Royal Bastards Gameplay
And now for the throwdown of the (previous) century with Big Ron in one corner of the contest, and Willie the Slick in the other. Its a Rumble in the Elfland. Was almost a Thrilla in Joda.

Game Experience:

I’ve tried to provide as unbiased a view of the gameplay as I can, but it is probably apparent at this point that I find certain aspects of it… problematic. The biggest issue is the contests, which take up a significant portion of the rulebook and are the most time-consuming part of the game. But they just don’t happen a whole lot, at least in the early rounds and at lower player counts. The game is for 2-4 players, but the board is large enough that 2-3 players with only a single bastard each is just not enough to fill the board and lead to meaningful interaction until everyone has their second bastard.

Royal Bastards Cards
The 12 playable bastards. Your avatars and associates. They may look slightly familiar. . . BRING IT ON, CORN POP! (Sorry, Mr. President).

Even then, it feels like it was really designed for 4 players (all 8 bastards on the board). If you are playing 4 players, this issue is pretty much gone the second half of the game, and it really feels like that’s the way the game should be. However, it is over too fast as there are only three normal rounds and the final festival. I appreciate that they were going for an escalation, but it is not all that interesting early on as a result. A board that grows as the game progresses, or shifting the second bastards to an earlier round might have helped.

Another issue is sometimes it feels like you lack much control of the situation. You can make plans, but there are quite a few things that can go wrong with those plans. The contests can be a completely wrong skill for you, setting you on the back foot before even rolling the dice. The dice can cause a huge swing. Rolling a 10 lets you roll another die, which can be hard to overcome. The Chaos cards can really mess with you both during and before a Contest. Everyone has at least three every round, and as the early rounds are especially limited, there’s little reason not to use them. Also, related to the Chaos cards, the Skeletons can be pretty damaging, and they are also random. They give you penalties to your stats, which somewhat compounds the issue with the contested stats being random. They could either not matter, or they could turn your great stat into nothing.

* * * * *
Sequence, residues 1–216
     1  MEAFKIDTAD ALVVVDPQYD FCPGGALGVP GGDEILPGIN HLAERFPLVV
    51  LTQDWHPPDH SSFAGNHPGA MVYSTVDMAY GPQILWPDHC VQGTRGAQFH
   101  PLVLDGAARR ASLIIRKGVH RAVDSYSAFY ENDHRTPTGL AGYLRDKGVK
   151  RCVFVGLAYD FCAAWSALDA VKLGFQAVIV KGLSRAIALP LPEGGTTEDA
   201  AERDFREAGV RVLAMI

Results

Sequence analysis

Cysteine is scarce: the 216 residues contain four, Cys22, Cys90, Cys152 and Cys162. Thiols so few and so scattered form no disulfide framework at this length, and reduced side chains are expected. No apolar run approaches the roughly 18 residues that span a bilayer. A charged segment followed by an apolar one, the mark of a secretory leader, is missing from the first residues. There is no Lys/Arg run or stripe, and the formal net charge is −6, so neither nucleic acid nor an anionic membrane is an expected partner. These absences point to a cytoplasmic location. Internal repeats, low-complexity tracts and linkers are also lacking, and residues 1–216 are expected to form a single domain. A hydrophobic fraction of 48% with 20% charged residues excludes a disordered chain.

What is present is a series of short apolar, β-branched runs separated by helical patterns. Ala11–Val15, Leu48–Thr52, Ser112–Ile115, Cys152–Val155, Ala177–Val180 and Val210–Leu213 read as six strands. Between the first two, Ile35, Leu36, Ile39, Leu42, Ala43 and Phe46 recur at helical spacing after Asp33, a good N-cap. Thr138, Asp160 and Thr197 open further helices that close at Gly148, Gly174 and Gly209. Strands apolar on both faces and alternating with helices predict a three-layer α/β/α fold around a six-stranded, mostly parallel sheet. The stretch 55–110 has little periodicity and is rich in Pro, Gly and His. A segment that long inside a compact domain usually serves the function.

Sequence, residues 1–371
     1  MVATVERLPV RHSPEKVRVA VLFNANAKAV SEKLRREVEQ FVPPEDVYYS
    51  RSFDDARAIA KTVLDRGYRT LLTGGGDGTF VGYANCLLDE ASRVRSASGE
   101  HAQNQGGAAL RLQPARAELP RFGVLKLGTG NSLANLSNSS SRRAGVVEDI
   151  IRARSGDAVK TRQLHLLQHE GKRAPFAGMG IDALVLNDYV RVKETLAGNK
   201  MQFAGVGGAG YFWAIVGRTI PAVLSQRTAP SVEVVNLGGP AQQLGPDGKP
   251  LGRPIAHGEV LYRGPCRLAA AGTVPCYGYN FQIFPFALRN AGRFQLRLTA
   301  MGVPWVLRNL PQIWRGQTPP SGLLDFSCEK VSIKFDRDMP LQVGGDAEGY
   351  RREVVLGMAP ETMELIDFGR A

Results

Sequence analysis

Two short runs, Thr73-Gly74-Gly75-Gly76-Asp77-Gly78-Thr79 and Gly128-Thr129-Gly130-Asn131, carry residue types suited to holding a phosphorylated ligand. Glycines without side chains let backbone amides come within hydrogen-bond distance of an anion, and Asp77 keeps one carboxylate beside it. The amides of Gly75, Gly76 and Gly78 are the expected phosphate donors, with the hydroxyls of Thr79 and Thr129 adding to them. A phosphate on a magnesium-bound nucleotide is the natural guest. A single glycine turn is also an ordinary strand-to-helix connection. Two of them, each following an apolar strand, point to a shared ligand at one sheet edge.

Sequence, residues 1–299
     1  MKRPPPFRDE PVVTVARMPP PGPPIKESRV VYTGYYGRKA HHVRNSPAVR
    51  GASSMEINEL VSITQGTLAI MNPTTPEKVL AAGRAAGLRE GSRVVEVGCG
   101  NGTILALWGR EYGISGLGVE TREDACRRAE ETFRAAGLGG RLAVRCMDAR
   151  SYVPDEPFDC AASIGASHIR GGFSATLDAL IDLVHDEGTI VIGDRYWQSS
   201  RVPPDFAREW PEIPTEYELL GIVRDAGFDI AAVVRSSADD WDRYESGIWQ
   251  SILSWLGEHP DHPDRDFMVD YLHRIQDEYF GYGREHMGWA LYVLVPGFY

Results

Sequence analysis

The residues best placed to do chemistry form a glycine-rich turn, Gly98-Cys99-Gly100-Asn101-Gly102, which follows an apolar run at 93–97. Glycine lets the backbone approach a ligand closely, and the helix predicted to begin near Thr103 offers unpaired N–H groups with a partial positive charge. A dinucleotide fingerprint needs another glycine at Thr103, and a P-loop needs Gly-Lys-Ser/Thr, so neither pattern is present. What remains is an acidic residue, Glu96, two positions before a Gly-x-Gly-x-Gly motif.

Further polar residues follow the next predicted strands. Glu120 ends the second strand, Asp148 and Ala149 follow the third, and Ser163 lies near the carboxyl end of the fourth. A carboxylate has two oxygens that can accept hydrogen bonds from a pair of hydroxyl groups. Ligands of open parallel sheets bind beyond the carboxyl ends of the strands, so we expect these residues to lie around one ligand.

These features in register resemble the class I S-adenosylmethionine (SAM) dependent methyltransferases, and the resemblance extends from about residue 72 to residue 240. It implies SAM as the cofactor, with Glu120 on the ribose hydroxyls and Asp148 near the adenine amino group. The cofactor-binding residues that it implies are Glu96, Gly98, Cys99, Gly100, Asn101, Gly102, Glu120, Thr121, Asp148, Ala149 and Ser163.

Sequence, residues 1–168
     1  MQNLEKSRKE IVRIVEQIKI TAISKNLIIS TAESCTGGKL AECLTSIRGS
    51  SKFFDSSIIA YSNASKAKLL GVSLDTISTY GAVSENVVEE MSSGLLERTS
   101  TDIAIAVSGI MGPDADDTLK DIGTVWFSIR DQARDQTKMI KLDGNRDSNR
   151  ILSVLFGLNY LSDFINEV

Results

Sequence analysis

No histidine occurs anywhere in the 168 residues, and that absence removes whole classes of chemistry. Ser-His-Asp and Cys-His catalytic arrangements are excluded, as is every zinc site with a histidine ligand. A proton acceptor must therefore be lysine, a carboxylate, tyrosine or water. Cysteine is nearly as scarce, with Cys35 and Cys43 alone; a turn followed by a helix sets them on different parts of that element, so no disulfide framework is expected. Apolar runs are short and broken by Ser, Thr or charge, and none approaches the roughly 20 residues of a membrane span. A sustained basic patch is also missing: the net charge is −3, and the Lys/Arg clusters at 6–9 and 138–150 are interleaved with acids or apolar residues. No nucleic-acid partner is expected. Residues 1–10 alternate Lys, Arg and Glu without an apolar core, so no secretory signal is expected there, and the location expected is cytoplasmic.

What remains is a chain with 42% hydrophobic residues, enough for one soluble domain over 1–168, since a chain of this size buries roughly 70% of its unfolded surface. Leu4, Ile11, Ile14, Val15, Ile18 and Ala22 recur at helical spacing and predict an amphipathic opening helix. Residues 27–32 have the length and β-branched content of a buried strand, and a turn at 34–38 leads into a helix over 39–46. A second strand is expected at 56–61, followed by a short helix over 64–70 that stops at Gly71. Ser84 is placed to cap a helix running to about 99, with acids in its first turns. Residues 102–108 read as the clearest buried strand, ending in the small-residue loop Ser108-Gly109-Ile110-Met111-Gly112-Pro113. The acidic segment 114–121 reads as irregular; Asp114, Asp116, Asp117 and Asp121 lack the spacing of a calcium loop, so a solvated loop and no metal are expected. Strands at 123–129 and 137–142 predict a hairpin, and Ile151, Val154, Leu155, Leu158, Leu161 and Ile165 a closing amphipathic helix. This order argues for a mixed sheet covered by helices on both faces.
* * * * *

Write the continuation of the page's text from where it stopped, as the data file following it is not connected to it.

Royal Bastards Flag
Hyllari and Big Ron having a contest over the Treasured Valley, which is the crown jewel of locations. Some are more valuable when controlled at the end of the game, such as Treasured Valley.

This is not to say that the game is all issues and negatives. While many things are outside your control, the gold you can accrue is helpful as a mitigator. It is easy to forget about, but there are about 10 different effects you can spend your gold on, some minor (additional move or shifting support tokens around) and some more significant (gain an Endorsement). This does make you feel you have a bit more control, but oftentimes it can be for naught. For example, the Endorsements tend to be less useful than the Skeletons are damaging. I suppose that’s pretty true-to-life, but it can be problematic from a gameplay perspective.

This leads to the game feeling like “Well, I guess its over…” at the end. It doesn’t feel bad, but it doesn’t feel like you really accomplish much. The thing that feels a little disappointing about it is, it is close enough that maybe some small changes could have made it more exciting. The changes I mentioned increasing the time with more bastards on the board are probably the biggest one, but also the contests having a bit more flexibility in terms of the attribute being contested would help. Some adjustments to make Skeletons a bit less painful (perhaps a limit on the number you can have), and the Chaos cards less intrusive, would also be improvements. Alas, however, that is not the game that was made, so it is what it is.